STAFF & GUEST BLOG
April 29th, 2012, by Jeremy Freed

Image: LWVC via Flickr

As we move into what will doubtless be an extremely contentious pre-election season, there will be much to get upset about. Indeed, from Gingrich’s wacky moon base pitch to Romney’s rich-guy-isms to everything about Rick Santorum, there has already been much to dislike about the people standing between Obama and a second term in the White House.

It’s easy to loathe folks with opinions that diverge from our own, especially in election times. It’s even easier to forget that the people behind the divergent opinions and provocative soundbites are just that: people. Former Daily Show producer Michael Rubens makes this the point of a new editorial on Salon.com, about his days booking interview subjects for the show and discovering that, despite their often bizarre and distorted views, they were as often as not incredibly decent people. This may sound obvious, not to mention a bit simplistic, but there’s much truth to it.

Rubens writes:

“I lived in a little bubble surrounded by people who think more or less like me. And when I considered people with opposing viewpoints I would turn into a fabulist, concocting an entire narrative of who they were and what they were like — and what they were like was yucko. Because I was not really interacting with them. I just thought I was, because, hey, look, there they are on the TV, or there’s that guy’s post in the comments section. But that stuff doesn’t count. Meeting people counts. Talking counts.”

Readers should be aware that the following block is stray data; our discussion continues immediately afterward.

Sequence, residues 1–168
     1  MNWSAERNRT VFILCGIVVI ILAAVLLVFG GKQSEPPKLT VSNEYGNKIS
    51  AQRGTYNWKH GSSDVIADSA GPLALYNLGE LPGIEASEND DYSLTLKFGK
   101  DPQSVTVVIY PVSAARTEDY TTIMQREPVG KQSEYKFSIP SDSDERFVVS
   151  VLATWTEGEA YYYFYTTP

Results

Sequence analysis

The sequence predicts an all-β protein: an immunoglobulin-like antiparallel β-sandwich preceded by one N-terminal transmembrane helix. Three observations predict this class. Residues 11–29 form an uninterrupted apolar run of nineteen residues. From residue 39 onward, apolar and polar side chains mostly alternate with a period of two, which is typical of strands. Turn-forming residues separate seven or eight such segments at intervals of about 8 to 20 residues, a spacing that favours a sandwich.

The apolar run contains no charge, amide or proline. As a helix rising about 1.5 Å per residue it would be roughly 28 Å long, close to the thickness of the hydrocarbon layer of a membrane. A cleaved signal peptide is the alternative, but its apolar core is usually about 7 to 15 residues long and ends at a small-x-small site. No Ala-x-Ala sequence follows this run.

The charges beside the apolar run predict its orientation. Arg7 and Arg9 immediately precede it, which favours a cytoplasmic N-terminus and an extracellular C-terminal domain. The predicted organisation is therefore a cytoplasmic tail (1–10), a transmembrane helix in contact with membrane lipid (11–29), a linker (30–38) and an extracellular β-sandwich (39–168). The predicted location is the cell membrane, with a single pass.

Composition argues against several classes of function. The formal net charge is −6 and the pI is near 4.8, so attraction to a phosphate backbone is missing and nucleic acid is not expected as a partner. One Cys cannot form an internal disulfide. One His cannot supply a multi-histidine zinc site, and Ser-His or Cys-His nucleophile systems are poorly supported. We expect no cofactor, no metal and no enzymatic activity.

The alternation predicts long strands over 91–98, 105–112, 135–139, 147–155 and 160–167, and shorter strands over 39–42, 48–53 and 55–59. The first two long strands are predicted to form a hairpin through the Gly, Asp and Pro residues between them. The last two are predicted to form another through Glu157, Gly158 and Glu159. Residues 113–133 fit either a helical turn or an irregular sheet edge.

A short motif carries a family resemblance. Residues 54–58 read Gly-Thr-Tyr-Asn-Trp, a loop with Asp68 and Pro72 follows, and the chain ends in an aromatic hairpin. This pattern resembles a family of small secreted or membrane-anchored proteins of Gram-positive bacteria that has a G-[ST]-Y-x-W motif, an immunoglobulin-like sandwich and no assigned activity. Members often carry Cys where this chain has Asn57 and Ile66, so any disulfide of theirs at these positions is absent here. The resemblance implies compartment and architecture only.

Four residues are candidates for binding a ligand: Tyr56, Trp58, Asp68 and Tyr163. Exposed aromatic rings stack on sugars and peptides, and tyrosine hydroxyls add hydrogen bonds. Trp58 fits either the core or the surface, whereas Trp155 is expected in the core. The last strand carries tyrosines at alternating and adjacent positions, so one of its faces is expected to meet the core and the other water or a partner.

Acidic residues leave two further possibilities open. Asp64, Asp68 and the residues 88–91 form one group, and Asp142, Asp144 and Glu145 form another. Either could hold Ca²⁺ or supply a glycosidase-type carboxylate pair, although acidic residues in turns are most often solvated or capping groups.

So, let’s all just take a deep breath and remember that people are just people, and politics are politics, and if we all try not to loathe each other quite so much, we might just be happier and more prosperous as a result. Sounds crazy, I know.

STAFF & GUEST BLOG
April 29th, 2012, by Jeremy Freed

Well that’s the most depressing thing I’ve read all week. Still, if everyone in America read Edward Humes’ new book, Garbology, we might be able to begin to curb our nation’s world-leading addiction to throwing things away.

From literal mountains of methane-emitting refuse outside of Los Angeles, to the massive gyres of plastic bits that are spreading across the world’s oceans, Pulitzer-winner Humes shines a light on humankind’s dirtiest secret: our garbage.

Among his most surprising findings, from the LA Times:

America’s biggest export is trash — the scrap paper and metal we throw away. The Chinese buy it, make products out of it, sell them back to us at enormous profit, and we turn it into trash again. America, the country that once made things for the world, is now China’s trash compactor.

The average American community spends more on waste management than fire protection, libraries, parks and recreation and textbooks.

Things are much worse than the official stats suggest. The EPA, which publishes our annual “trash bible” of municipal waste statistics, uses an outdated method that vastly underestimates our waste and overestimates our recycling.

The situation is pretty bad, as you might imagine after reading those statements. But there are things we can all do. Like, for instance, throwing less stuff in the trash. You can read more from Humes in his recent editorial on Forbes.com.

SEEN & HEARD
April 28th, 2012, by Carla Amurao

Every now and then, the tables are turned and it’s Tavis sitting on the hot seat. Interviewed by the dean of the talk show genre, Phil Donahue, Tavis and Dr. Cornel West discussed their new text, among other social issues.